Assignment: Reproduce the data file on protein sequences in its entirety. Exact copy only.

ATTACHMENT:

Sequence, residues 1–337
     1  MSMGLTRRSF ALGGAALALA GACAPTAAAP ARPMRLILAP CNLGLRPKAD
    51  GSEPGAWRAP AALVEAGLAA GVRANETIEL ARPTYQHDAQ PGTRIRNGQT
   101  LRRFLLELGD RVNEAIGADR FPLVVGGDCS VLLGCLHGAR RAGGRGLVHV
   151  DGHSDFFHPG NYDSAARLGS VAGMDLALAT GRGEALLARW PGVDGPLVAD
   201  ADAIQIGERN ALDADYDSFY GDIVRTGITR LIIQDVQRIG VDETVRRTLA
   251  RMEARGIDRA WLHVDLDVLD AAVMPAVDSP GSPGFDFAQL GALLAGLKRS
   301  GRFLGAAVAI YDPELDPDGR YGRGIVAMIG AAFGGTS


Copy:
Sequence, residues 1–337
     1  MSMGLTRRSF ALGGAALALA GACAPTAAAP ARPMRLILAP CNLGLRPKAD
    51  GSEPGAWRAP AALVEAGLAA GVRANETIEL ARPTYQHDAQ PGTRIRNGQT
   101  LRRFLLELGD RVNEAIGADR FPLVVGGDCS VLLGCLHGAR RAGGRGLVHV
   151  DGHSDFFHPG NYDSAARLGS VAGMDLALAT GRGEALLARW PGVDGPLVAD
   201  ADAIQIGERN ALDADYDSFY GDIVRTGITR LIIQDVQRIG VDETVRRTLA
   251  RMEARGIDRA WLHVDLDVLD AAVMPAVDSP GSPGFDFAQL GALLAGLKRS
   301  GRFLGAAVAI YDPELDPDGR YGRGIVAMIG AAFGGTS